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Child Maltreat. 2018 Feb;23(1):25-33. doi: 10.1177/1077559517717638. Epub 2017 Jul 12.

Deployment Status and Child Neglect Types in the U.S. Army.

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1 Department of Psychiatry, Center for the Study of Traumatic Stress, Uniformed Services University, Bethesda, MD, USA.


Increases in combat deployments have been associated with rises in rates of child neglect in U.S. military families. Although various types of child neglect have been described in military families, it is unknown whether deployment status is associated with specific types of child neglect and whether other factors, such as substance misuse, play a role. To determine the contribution of service member deployment status to the risk of specific child neglect types, data were collected from 390 substantiated U.S. Army child neglect case files. The contributions of deployment status at the time of the neglect incident and parental alcohol or drug-related misuse to risk of neglect types were examined controlling for military family rank and child age. Compared to never deployed families, families with a service member concurrently deployed at the time of the neglect incident were at higher risk for failure to provide physical needs, lack of supervision, and educational neglect, but at lower risk for emotional neglect. Being previously deployed incurred risk for moral-legal neglect. Substance misuse added risk for moral-legal and educational neglect. Findings indicate the need for tailored prevention strategies to target different periods within the deployment cycle.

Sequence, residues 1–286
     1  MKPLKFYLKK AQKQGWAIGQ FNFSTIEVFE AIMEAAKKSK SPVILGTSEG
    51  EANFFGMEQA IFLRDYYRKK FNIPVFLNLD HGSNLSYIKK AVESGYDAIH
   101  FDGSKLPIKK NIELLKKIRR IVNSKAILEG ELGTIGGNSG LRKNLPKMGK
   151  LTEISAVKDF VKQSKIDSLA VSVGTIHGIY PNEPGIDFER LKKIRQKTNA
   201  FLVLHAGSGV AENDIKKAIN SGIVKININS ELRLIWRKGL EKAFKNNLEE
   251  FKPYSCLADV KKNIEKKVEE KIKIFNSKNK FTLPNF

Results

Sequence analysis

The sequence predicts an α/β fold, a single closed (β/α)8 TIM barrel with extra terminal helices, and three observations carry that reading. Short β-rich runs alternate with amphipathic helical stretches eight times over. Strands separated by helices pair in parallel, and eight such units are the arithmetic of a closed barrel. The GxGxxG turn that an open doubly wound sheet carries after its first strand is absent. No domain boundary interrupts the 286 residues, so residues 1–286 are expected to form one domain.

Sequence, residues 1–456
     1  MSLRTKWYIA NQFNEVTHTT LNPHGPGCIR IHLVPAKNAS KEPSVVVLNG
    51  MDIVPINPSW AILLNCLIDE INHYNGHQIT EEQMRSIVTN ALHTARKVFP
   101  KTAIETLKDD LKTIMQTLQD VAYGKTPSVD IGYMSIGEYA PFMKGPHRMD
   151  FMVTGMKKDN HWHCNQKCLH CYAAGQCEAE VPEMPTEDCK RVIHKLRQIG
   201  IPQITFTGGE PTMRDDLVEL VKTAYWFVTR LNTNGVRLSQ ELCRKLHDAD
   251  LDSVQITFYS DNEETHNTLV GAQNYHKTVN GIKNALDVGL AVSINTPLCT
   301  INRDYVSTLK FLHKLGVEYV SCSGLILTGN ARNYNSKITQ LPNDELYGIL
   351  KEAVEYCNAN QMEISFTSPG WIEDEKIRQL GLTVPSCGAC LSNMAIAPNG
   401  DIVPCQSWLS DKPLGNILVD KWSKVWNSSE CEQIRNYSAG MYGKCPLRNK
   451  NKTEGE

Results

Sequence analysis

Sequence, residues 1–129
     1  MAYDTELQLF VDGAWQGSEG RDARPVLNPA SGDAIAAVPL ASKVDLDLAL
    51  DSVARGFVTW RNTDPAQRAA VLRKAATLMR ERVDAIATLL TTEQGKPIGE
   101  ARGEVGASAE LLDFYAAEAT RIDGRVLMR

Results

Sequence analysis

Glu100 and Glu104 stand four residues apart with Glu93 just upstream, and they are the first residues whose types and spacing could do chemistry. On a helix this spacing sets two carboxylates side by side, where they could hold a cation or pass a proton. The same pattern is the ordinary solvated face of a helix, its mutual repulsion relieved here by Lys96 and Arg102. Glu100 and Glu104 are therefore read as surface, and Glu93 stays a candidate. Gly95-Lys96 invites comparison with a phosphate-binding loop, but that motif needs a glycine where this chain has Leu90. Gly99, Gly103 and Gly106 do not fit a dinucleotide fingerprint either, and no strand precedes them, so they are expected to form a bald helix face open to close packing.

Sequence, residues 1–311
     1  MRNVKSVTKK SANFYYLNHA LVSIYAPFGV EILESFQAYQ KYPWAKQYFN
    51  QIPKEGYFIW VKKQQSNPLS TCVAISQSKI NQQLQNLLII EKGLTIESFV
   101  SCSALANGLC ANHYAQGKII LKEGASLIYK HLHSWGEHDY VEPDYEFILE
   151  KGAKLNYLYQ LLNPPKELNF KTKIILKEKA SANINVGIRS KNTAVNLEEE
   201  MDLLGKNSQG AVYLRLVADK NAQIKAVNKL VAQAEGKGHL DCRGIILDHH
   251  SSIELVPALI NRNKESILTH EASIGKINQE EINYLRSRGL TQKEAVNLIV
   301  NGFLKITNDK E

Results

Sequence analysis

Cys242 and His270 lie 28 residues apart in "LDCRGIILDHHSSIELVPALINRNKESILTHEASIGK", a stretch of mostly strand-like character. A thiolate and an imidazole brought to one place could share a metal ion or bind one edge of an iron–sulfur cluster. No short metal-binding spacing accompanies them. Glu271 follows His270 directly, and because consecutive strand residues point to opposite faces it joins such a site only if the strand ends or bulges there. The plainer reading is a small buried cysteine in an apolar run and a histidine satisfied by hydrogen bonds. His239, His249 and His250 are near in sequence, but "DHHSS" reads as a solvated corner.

child maltreatment; military; neglect

[Indexed for MEDLINE]

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